Please note that eDoc will be permanently shut down in the first quarter of 2021!      Home News About Us Contact Contributors Disclaimer Privacy Policy Help FAQ

Quick Search
My eDoc
Session History
Support Wiki
Direct access to
document ID:

          Institute: MPI für Astronomie     Collection: Publikationen_mpia     Display Documents

ID: 731887.0, MPI für Astronomie / Publikationen_mpia
Mapping the Monoceros Ring in 3D with Pan-STARRS1
Authors:Morganson, E.; Conn, B.; Rix, H.-W.; Bell, E. F.; Burgett, W. S.; Chambers, K.; Dolphin, A.; Draper, P. W.; Flewelling, H.; Hodapp, K.; Kaiser, N.; Magnier, E. A.; Martin, N. F.; Martinez-Delgado, D.; Metcalfe, N.; Schlafly, E. F.; Slater, C. T.; Wainscoat, R. J.; Waters, C. Z.
Date of Publication (YYYY-MM-DD):2016
Title of Journal:The Astrophysical Journal
Issue / Number:2
Start Page:id. 140 (26 pp)
Audience:Not Specified
Abstract / Description:Using the Pan-STARRS1 survey, we derive limiting magnitude, spatial completeness, and density maps that we use to probe the three-dimensional structure and estimate the stellar mass of the so-called Monoceros Ring. The Monoceros Ring is an enormous and complex stellar sub-structure in the outer Milky Way disk. It is most visible across the large Galactic Anticenter region, 120^\circ \lt l\lt 240^\circ , -30^\circ \lt b\lt +40^\circ . We estimate its stellar mass density profile along every line of sight in 2° × 2° pixels over the entire 30,000 deg2 Pan-STARRS1 survey using the previously developed match software. By parsing this distribution into a radially smooth component and the Monoceros Ring, we obtain its mass and distance from the Sun along each relevant line of sight. The Monoceros Ring is significantly closer to us in the south (6 kpc) than in the north (9 kpc). We also create 2D cross-sections parallel to the Galactic plane that show 135° of the Monoceros Ring in the south and 170° of the Monoceros Ring in the north. We show that the northern and southern structures are also roughly concentric circles, suggesting that they may be waves rippling from a common origin. Excluding the Galactic plane ∼ +/- 4^\circ , we observe an excess mass of 4× {10}6{M}ȯ across 120^\circ \lt l\lt 240^\circ . If we interpolate across the Galactic plane, we estimate that this region contains 8× {10}6{M}ȯ . If we assume (somewhat boldly) that the Monoceros Ring is a set of two Galactocentric rings, its total mass is 6× {10}7{M}ȯ . Finally, if we assume that it is a set of two circles centered at a point 4 kpc from the Galactic center in the anti-central direction, as our data suggests, we estimate its mass to be 4× {10}7{M}ȯ .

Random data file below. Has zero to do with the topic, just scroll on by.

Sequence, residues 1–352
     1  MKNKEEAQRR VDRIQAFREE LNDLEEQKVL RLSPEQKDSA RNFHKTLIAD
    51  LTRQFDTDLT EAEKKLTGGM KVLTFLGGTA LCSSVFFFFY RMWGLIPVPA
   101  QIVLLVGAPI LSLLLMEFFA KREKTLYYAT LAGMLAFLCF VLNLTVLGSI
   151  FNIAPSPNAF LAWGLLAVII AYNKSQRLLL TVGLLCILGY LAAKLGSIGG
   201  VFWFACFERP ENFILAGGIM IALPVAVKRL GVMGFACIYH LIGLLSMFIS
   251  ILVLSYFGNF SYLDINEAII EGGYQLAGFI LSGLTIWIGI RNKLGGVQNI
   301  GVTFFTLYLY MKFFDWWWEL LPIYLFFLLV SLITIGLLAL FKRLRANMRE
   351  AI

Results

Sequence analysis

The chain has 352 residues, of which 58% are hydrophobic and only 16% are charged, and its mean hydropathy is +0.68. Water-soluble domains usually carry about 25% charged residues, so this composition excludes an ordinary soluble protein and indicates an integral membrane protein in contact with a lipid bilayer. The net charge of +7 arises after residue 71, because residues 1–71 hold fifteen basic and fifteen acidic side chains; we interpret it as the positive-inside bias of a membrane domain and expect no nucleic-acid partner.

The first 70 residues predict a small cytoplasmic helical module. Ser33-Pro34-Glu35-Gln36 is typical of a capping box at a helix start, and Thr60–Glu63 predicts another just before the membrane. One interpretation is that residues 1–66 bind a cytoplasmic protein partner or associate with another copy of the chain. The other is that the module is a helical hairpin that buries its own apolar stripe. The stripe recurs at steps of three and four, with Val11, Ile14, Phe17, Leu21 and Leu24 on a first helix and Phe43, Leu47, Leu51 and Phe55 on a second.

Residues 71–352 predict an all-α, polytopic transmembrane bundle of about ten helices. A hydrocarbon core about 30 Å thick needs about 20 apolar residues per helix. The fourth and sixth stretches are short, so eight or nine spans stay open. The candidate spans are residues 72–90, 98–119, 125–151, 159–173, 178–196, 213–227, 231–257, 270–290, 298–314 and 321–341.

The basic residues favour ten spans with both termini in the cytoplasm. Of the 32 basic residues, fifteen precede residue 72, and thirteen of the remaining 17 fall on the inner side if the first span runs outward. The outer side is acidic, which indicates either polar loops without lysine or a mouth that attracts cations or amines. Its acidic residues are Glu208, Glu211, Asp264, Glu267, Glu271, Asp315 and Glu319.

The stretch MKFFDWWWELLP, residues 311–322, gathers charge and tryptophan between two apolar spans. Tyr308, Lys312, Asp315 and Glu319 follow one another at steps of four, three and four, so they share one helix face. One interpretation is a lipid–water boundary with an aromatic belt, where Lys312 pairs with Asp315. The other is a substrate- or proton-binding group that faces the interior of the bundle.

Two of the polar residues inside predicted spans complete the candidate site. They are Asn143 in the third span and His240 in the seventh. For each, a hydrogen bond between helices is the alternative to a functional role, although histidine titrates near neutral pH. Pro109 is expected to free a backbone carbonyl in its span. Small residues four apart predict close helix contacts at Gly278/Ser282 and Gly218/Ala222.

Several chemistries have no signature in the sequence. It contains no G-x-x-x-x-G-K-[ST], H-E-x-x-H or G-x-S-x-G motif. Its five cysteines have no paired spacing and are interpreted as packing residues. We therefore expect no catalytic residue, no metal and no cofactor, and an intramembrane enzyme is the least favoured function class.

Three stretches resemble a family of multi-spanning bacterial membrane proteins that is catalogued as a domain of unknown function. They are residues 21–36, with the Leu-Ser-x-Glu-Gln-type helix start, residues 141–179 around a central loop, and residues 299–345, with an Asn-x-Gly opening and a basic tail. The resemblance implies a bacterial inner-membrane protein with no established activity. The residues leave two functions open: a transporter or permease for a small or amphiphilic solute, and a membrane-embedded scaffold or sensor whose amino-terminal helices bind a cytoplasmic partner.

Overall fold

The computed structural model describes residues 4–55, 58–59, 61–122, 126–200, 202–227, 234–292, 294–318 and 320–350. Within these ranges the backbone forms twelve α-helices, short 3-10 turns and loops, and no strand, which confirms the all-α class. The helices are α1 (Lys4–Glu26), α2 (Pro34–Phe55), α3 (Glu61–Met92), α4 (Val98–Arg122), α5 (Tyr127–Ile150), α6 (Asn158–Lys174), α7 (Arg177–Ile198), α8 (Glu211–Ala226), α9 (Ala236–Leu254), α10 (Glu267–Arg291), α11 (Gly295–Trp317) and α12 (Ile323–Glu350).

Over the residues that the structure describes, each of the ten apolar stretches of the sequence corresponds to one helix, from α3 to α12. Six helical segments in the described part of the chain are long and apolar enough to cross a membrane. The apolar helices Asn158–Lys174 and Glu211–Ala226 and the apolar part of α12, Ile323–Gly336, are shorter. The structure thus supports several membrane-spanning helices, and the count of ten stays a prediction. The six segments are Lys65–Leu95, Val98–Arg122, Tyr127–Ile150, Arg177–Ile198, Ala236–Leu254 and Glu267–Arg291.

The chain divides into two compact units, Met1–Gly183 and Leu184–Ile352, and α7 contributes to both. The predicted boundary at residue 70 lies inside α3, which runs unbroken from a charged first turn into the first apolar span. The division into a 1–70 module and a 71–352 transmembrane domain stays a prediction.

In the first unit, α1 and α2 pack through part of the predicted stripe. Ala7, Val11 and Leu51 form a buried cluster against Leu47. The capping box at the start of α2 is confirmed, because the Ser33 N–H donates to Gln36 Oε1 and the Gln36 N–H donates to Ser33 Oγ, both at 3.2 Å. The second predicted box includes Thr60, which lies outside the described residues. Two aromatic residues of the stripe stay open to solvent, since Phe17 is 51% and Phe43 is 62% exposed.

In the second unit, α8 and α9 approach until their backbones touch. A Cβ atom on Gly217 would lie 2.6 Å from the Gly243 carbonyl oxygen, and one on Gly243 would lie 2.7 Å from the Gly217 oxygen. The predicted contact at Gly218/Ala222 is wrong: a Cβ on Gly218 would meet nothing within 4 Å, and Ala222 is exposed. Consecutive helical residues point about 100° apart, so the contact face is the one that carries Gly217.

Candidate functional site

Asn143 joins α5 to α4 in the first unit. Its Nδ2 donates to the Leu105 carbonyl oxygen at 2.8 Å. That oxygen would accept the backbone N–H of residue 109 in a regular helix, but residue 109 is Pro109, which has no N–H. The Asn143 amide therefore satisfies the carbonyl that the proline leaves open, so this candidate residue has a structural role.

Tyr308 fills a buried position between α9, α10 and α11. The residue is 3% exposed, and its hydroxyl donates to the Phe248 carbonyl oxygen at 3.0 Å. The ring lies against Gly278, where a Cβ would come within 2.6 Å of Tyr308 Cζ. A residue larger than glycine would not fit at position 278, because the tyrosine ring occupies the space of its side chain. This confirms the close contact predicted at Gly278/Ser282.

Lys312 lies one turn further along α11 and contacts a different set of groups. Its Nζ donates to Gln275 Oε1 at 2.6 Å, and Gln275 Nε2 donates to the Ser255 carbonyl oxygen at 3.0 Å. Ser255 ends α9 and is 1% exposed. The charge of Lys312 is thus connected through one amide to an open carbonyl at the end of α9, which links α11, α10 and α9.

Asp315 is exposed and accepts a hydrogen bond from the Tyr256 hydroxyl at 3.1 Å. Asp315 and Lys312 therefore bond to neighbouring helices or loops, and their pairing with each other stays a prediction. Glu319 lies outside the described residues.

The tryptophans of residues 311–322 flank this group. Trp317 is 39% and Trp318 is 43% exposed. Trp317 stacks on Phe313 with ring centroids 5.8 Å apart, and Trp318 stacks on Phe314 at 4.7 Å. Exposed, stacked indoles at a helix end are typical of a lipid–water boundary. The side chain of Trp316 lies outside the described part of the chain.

Free Keywords:Galaxy: disk
External Publication Status:published
Document Type:Article
Communicated by:N. N.
Affiliations:MPI für Astronomie
Identifiers:ISSN:0004-637X %R 10.3847/0004-637X/825/2/140
The scope and number of records on eDoc is subject to the collection policies defined by each institute - see "info" button in the collection browse view.